The Ditch Digger of the Year Award is presented annually at NUCA’s convention to a contractor member who has made a significant contribution to NUCA and the underground utility construction industry. This past February, the 2012 Ditch Digger of the Year was awarded to Ryan Schmitt, NUCA’s Immediate Past Chairman of the Board and Owner and President of Petticoat-Schmitt Civil Contractors. This is the second time Schmitt has received the award, previously earning the honor in 2010.
“I was very shocked to receive the Ditch Digger of the Year award,” said Schmitt. “Last year, I was working with so many hard-working and committed people who did so much for NUCA, I never thought about winning the award, especially for a second time. It really means a lot to be recognized by my peers. Trust me, my service to NUCA and our industry has nothing to do with awards and everything to do with my passion and commitment for what we do for a living, so to be recognized with an award as significant as this is truly humbling.”
Schmitt began his career in civil construction working as an entry-level estimator after graduating with a degree in criminology from the University of Florida in 1990. He then decided to head back to school and obtain a second bachelor’s degree in building construction from the University of North Florida (UNF). Schmitt received his MBA from UNF and enjoyed working as a general manager for a company for more than 12 years.
In 2007, he became President and Owner of Petticoat-Schmitt, based in Jacksonville, Fla. Thanks to Schmitt’s experience and education, he was armed with the tools to tackle the challenges of starting a new company which continues to grow today. Petticoat-Schmitt has won several awards from NUCA, including the association’s coveted National Community Service Award and the William H. Feather Safety Award.
Schmitt’s commitment to NUCA and the industry led him to become the association’s Chairman of the Board for two terms in 2011 and 2012. During his time, Schmitt made a great impact on NUCA and was able to connect with members all across the country. His experiences helped shape him into a stronger leader for both the association and his company.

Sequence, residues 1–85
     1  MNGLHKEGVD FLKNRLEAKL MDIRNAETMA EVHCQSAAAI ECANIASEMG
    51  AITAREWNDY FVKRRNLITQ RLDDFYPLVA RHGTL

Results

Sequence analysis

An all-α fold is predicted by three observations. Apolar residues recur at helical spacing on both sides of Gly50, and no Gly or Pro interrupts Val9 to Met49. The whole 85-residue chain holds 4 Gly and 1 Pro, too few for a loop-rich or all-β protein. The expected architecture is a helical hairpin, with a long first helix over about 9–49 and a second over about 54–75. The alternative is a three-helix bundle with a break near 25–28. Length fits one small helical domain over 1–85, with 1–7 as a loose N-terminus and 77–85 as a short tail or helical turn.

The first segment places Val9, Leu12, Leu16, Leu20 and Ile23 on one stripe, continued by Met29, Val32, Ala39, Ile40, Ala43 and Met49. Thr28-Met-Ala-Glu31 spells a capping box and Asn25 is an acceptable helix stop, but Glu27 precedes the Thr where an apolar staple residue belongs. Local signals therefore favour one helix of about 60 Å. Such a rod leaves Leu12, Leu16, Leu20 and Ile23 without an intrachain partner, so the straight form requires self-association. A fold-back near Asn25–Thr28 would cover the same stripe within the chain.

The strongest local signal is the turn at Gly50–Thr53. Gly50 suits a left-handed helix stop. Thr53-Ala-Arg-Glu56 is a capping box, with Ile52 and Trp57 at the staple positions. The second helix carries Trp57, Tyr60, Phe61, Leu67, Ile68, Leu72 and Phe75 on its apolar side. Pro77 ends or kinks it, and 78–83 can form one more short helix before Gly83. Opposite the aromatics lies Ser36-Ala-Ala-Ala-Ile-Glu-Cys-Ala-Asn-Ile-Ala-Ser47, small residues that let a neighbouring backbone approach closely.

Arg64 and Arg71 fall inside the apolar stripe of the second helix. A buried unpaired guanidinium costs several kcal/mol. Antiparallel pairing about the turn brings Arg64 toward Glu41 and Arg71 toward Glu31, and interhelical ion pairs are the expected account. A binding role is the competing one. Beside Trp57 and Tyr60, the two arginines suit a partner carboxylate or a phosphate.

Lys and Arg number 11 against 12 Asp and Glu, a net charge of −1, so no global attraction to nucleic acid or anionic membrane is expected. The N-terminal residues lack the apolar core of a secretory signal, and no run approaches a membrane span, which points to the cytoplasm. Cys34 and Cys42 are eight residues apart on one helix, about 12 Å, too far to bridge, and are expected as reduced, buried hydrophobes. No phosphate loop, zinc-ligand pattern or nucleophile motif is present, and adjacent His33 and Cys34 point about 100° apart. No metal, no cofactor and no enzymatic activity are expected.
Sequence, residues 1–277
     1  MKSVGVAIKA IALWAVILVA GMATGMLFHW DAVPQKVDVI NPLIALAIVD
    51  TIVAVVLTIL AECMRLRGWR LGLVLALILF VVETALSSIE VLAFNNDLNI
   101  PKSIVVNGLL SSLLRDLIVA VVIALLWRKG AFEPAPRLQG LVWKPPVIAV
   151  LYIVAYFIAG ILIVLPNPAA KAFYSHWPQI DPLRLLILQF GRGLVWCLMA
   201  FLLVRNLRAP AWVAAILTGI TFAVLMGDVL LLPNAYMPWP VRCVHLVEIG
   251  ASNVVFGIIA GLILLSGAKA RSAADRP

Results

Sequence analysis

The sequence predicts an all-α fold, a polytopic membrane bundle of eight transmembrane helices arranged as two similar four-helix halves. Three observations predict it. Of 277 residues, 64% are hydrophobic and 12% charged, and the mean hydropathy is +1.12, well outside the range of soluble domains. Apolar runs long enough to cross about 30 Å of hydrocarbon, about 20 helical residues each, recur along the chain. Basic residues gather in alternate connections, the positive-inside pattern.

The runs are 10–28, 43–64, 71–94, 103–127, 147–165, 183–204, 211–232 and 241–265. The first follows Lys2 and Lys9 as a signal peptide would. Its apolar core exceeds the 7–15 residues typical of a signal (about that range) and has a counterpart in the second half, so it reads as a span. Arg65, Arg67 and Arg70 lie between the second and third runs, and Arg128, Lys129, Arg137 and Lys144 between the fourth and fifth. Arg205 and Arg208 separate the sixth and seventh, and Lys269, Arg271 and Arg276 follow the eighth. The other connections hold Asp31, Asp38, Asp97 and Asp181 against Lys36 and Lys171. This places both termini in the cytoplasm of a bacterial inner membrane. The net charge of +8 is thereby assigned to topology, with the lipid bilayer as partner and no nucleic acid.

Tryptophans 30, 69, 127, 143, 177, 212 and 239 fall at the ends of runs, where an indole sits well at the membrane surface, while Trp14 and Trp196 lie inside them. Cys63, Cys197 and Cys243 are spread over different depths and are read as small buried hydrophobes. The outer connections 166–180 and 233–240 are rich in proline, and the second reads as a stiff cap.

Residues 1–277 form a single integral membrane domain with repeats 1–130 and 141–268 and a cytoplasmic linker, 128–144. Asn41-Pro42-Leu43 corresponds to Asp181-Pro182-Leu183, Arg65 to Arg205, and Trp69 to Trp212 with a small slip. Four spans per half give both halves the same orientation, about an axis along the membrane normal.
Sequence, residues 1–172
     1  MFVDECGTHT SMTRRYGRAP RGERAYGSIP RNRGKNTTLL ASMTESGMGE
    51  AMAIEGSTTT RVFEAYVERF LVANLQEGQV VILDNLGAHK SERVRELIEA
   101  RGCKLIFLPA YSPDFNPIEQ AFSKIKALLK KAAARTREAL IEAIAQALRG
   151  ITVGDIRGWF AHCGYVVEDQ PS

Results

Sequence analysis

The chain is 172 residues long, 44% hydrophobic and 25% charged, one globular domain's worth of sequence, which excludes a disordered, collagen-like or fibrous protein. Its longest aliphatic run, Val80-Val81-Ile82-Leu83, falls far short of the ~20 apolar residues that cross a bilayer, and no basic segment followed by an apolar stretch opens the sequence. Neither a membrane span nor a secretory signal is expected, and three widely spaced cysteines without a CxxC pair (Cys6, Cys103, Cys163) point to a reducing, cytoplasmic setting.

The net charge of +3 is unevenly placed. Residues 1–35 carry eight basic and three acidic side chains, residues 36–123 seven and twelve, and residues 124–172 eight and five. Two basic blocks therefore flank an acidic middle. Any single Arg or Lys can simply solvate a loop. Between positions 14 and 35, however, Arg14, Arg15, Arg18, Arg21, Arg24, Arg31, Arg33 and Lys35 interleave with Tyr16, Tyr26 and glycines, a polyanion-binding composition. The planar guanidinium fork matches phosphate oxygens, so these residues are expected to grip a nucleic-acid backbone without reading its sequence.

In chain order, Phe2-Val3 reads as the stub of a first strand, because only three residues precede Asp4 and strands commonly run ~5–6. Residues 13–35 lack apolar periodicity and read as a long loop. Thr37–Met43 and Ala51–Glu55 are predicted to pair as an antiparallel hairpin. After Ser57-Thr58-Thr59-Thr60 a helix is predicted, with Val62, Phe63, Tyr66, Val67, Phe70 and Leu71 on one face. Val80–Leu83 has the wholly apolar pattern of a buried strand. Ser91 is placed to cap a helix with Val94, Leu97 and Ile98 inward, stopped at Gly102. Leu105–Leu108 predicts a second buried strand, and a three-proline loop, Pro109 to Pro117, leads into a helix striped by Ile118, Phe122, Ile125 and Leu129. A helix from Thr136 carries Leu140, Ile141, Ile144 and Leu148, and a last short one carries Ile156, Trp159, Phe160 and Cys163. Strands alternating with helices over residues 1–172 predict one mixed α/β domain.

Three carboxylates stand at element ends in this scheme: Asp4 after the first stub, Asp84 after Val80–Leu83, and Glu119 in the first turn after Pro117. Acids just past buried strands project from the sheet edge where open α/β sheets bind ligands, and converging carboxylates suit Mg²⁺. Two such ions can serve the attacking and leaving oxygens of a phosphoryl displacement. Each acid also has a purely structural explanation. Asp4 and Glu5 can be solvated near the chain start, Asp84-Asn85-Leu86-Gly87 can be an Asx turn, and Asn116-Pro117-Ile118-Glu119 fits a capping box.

“As NUCA’s Chairman of the Board, I had the opportunity to visit many chapters around the country,” he said. “When I made these visits, I was invited with open arms by numerous businesses. I had a great opportunity to share best management practices and learn different ways of doing things from other NUCA members. This helped me make our company better and improve my skills as a contractor and a businessman. I think all NUCA members have great networking opportunities if they just make the effort and take the initiative to do so. I also had the opportunity to develop my leadership skill at my local NUCA chapter [NUCA of North Florida] and our state NUCA chapter, Underground Utility Contractors of Florida. As past president of both these organizations, I learned a lot about leadership, service and the power of unifying many voices through one association.”
Schmitt maintains strong roots within the Jacksonville community; he serves as Vice-Chair of Seamark Ranch and he currently serves on the University of North Florida’s Construction Management Program Advisory Board.
“Our company is a firm believer of supporting the industries and communities in which we work,” said Schmitt. “We are members of the Jacksonville Chamber of Commerce, the Northeast Florida Builders Association, the Urban Land Institute, the American Society of Highway Engineers and the Florida Redevelopment Association.”
Going forward, Schmitt remains committed to the industry and issues that matter most. He’s particularly passionate about private activity bonds.
“I hope that our industry soon realizes the positive effects of private investment in water and wastewater projects,” he said. “Our lobbying efforts for removing the existing cap on private activity bonds to fund water and wastewater projects have come very close to fruition the last two years. The passage of this legislation could inject up to $5 billion of private funding annually into these types of projects. Everything about this makes sense. It costs very little to taxpayers, it allows private dollars to assist struggling municipalities and it rebuilds our aging and inadequate infrastructure. To see the impact of this, you can look to the success of the solid waste industry which benefitted from this same cap removal some years ago.”
Pam Kleineke is Associate Editor of Utility Contractor.